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Westfall v. Goggins

Court of Appeals of Mississippi, En Banc

October 10, 2017

SHANNON WESTFALL AND JOHN WESTFALL APPELLANTS
v.
RANDY GOGGINS AND CARNES FRAMES, INC. APPELLEES History Date/Time Patient ID User Action Disease Name Notes Date Onset History Date/Time User Patient ID Action Finding Status Age Start/ Age Stop Amount Used

          DATE OF JUDGMENT: 04/18/2016

         PONTOTOC COUNTY CIRCUIT COURT HON. JAMES SETH ANDREW POUNDS JUDGE

          ATTORNEYS FOR APPELLANTS: WILLIAM O. RUTLEDGE, III LAURANCE NICHOLAS CHANDLER ROGERS VALARIE BLYTHE HANCOCK

          ATTORNEYS FOR APPELLEES: REBECCA B. COWAN JOSEPH WALTER GILL

          GRIFFIS, P.J.

         ¶1. Shannon and John Westfall appeal the circuit court's dismissal of their negligence claims based on discovery violations. This case considers whether the dismissal was appropriate under Mississippi Rule of Civil Procedure 37 and Pierce v. Heritage Properties, Inc., 688 So.2d 1385 (Miss. 1997). We find reversible error and remand for further proceedings.

         FACTS

         ¶2. On June 3, 2013, Shannon was involved in an automobile accident in Pontotoc, Mississippi. Shannon's automobile was hit by a tractor trailer driven by Randy Goggins and owned by his employer, Carnes Frames, Inc. As a result of the accident, Shannon and her husband, John, commenced a civil action against Goggins and Carnes (the defendants). Shannon alleged that she "sustained serious physical injuries as a proximate result of the motor-vehicle accident" and has "undergone serious and continuous medical treatment for the injuries [she] sustained." John claimed that he "suffered a loss of consortium and companionship as a proximate result of the motor-vehicle accident."

         ¶3. In discovery, Shannon provided the defendants with a medical authorization, she responded to interrogatories, and she was deposed. Thereafter, on September 15, 2014, the defendants filed a motion to dismiss that claimed that Shannon had made false representations in her discovery responses, which were willful and in bad faith. The defendants further argued that the only appropriate sanction for such discovery violations was the dismissal of the Westfalls' complaint with prejudice.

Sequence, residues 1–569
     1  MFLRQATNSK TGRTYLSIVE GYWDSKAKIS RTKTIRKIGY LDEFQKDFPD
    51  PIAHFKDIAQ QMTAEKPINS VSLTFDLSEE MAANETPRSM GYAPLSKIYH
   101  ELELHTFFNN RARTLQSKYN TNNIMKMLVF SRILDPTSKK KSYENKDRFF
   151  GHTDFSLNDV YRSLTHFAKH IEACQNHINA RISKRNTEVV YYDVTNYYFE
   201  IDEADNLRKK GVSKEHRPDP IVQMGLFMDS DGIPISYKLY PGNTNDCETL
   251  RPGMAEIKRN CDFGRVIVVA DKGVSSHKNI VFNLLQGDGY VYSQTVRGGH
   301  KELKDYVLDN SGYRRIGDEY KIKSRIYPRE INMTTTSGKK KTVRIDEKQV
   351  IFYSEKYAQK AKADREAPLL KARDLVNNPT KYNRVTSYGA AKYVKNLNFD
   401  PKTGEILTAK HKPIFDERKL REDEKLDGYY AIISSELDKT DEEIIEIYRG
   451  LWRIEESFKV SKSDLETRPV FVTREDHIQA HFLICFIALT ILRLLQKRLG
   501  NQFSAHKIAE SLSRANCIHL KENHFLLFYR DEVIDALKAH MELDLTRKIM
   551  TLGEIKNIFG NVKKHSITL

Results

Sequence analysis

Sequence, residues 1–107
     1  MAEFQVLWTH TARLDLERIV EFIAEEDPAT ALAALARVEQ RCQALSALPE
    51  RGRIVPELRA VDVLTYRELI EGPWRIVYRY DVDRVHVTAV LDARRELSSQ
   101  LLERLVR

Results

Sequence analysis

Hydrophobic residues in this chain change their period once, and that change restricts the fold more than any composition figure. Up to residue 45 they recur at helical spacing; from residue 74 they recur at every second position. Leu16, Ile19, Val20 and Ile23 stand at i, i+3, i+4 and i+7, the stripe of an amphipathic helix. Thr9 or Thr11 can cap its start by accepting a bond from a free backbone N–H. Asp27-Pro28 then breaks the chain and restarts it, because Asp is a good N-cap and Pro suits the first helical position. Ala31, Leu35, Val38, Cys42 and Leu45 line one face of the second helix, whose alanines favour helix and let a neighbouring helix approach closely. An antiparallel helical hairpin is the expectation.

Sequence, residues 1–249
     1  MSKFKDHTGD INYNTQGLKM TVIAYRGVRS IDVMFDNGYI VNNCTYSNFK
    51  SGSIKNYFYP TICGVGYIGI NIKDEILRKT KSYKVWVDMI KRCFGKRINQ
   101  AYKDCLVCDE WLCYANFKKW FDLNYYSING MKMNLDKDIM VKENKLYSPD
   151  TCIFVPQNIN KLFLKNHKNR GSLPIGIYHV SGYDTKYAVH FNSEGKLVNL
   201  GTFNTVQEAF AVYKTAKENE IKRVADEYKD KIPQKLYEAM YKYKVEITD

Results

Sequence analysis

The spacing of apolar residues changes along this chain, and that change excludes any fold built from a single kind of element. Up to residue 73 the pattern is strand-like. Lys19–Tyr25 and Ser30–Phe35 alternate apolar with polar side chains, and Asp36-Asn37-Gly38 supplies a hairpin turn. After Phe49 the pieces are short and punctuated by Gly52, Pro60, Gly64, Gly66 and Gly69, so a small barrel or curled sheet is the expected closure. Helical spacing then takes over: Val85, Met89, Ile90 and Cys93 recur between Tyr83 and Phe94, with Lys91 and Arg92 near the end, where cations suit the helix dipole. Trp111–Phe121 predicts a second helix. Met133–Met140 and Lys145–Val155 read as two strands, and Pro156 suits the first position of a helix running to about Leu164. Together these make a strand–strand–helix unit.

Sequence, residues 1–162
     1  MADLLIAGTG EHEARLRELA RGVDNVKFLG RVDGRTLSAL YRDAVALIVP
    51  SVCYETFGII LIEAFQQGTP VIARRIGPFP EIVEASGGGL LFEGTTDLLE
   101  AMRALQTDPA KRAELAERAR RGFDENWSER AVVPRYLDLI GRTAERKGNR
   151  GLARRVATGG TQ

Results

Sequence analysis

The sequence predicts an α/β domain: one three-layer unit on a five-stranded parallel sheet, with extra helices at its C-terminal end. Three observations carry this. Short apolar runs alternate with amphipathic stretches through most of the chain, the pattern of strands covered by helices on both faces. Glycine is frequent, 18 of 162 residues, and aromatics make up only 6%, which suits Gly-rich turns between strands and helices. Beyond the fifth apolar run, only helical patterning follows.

¶4. On July 1, 2015, the circuit judge held a hearing on the motion to dismiss. At the hearing, the Westfalls' counsel moved and was granted leave to provide an affidavit from a medical provider to correct an inaccuracy in one of the medical records relied on by the defendants. The information was provided to the circuit judge in a timely manner, and it corrected an inaccuracy in the medical records.

         ¶5. Eight months later, on April 26, 2016, the circuit court entered its findings of fact and conclusions of law. The circuit judge's order granted the motion to dismiss and dismissed the Westfalls' complaint with prejudice. It is from this order that the Westfalls now appeal.

         ANALYSIS

         ¶6. The question here is whether the circuit court committed reversible error in the decision to dismiss the Westfalls' complaint under Rule 37 and Pierce.

         ¶7. This Court must review the decision under an abuse-of-discretion standard. Pierce, 688 So.2d at 1388. We may only reverse the dismissal if there is a "definite and firm conviction that the court below committed a clear error of judgment in the conclusion it reached upon [its] weighing of [the] relevant factors." Id.